Then there are the insurers that are making ecosystems work. Despite sensible concerns over long-term profitability, Lemonade has managed to reach one million customers in just four years. In fact, it claims to be the first option for first-time buyers and renters‌, and second for people under 35. 

wefox is another. Since its founding in 2015, it's increased its revenue annually, achieving $800 million in 2023. It currently has nearly three million customers in its core markets of Germany, Austria, Italy, Poland, the Netherlands and Switzerland. Rapid growth, for sure. 

So, what sets these ecosystem businesses apart, and what can we learn from them and apply to insurers more broadly? They aren’t “incumbent” businesses with a lot to lose and an unwavering focus on sustaining their existing business models/source of premiums. 

This is important. If you can’t adapt quickly in today’s market, you risk decline, which is playing out in real time. 

The average tenure of old-economy companies on the S&P 500 is plummeting, and incumbency has never seemed to be worth less. Although not as disruptive as it’s been in other sectors, this looming threat to incumbents is present in insurance, and can only grow. 

But this threat is also a massive opportunity. The market forces acting on incumbent P&C insurers today have never been higher. Regulation is now starting to bite, and regulatory changes in the U.S. will follow the Consumer Duty in the U.K. These are requiring insurers to treat customers fairly, and long term they'll force insurers away from price-led and into new business models.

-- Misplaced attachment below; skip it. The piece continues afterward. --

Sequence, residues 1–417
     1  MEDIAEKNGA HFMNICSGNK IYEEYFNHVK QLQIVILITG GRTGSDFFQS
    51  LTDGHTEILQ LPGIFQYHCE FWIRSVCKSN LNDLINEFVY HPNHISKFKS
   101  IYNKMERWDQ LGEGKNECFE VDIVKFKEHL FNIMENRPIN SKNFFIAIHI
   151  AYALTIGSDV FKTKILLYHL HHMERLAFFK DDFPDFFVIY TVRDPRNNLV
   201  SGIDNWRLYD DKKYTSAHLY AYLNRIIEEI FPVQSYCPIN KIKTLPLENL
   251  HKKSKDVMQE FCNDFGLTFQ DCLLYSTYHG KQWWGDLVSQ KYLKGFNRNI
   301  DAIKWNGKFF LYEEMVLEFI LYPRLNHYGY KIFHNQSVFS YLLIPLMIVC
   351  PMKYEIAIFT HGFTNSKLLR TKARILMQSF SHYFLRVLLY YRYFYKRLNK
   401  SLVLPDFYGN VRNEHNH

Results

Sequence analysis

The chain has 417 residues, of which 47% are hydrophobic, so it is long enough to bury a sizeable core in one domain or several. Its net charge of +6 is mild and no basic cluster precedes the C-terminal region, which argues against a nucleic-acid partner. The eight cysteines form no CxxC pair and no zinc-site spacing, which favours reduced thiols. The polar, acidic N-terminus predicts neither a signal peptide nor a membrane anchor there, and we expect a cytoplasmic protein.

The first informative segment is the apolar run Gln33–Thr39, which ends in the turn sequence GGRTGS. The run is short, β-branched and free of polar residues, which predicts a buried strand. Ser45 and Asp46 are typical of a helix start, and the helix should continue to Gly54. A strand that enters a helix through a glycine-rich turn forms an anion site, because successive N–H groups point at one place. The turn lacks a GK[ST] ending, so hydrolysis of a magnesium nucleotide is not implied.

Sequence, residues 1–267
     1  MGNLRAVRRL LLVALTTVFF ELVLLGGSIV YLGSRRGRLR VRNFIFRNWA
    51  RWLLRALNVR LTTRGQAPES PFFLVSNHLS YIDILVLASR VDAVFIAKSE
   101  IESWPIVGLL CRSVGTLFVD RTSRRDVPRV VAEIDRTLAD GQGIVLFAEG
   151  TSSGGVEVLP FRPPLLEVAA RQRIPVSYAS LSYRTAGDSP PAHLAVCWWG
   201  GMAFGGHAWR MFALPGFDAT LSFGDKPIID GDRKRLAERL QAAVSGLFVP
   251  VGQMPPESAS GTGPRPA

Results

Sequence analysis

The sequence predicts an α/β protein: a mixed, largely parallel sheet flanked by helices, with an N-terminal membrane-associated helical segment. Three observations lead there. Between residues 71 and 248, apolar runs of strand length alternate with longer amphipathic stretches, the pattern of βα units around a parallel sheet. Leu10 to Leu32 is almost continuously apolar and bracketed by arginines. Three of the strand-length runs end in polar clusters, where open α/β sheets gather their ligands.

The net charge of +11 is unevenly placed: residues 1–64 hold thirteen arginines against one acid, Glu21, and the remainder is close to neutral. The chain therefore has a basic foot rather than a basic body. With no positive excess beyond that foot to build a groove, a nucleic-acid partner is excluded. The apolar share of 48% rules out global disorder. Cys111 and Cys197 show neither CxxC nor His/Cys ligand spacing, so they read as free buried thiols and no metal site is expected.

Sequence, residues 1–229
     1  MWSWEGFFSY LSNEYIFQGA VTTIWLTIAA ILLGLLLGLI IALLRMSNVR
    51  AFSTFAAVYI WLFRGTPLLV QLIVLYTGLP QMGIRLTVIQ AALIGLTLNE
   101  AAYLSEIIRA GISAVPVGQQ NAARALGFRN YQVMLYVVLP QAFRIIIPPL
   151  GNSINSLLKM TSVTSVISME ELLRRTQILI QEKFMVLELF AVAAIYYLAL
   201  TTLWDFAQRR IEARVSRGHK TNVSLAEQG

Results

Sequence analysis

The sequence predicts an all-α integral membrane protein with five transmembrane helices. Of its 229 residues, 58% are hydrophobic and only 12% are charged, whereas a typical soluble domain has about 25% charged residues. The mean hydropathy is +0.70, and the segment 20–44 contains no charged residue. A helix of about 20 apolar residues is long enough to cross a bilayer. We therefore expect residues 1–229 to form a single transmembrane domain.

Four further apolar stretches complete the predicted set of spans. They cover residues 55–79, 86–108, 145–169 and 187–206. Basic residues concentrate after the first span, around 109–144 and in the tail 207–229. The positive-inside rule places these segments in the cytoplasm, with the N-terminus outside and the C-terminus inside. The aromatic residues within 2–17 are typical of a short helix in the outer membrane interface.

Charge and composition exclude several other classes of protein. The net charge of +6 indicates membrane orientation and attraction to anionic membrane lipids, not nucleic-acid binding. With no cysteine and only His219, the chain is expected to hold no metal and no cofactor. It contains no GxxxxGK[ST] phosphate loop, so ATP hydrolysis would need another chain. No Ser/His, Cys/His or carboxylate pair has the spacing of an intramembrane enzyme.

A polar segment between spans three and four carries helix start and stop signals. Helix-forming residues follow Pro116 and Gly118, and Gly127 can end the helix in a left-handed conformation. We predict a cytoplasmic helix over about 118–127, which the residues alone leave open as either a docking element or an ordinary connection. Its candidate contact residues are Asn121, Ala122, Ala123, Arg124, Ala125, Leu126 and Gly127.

Equally, the road is running out for insurers, even with scale, to outpace the competition on price alone. It’s increasingly unviable even in medium-term views. Instead, understanding the value of a customer, focusing on ‌building mind and wallet share and increasing retention is a far better strategy. 

Which leads us barreling toward the framing in the title because ecosystem business models, and the enterprise design they sit within, hold many of the answers to success. 

Insurers continue to be overwhelmingly built around policy-centric systems and then try to build intelligent orchestration on top so they can create effective customer relationships. This creates a legacy effect, not only in technology terms but also in how insurers operate and how people interact within the organization, as well. This is what we call the legacy trap, and it has two primary impacts on insurers. 

First, change is complex and expensive. The policy-centric wiring often means that insurers don’t know if customers have one, two or 20 products with them.--not without abstracting that data, orchestrating it and acting on it. If you can’t get this basic work right, how can you expect to achieve meaningful changes in your customer relationships, mitigate risks, embed yourself in their lives and sell beyond insurance?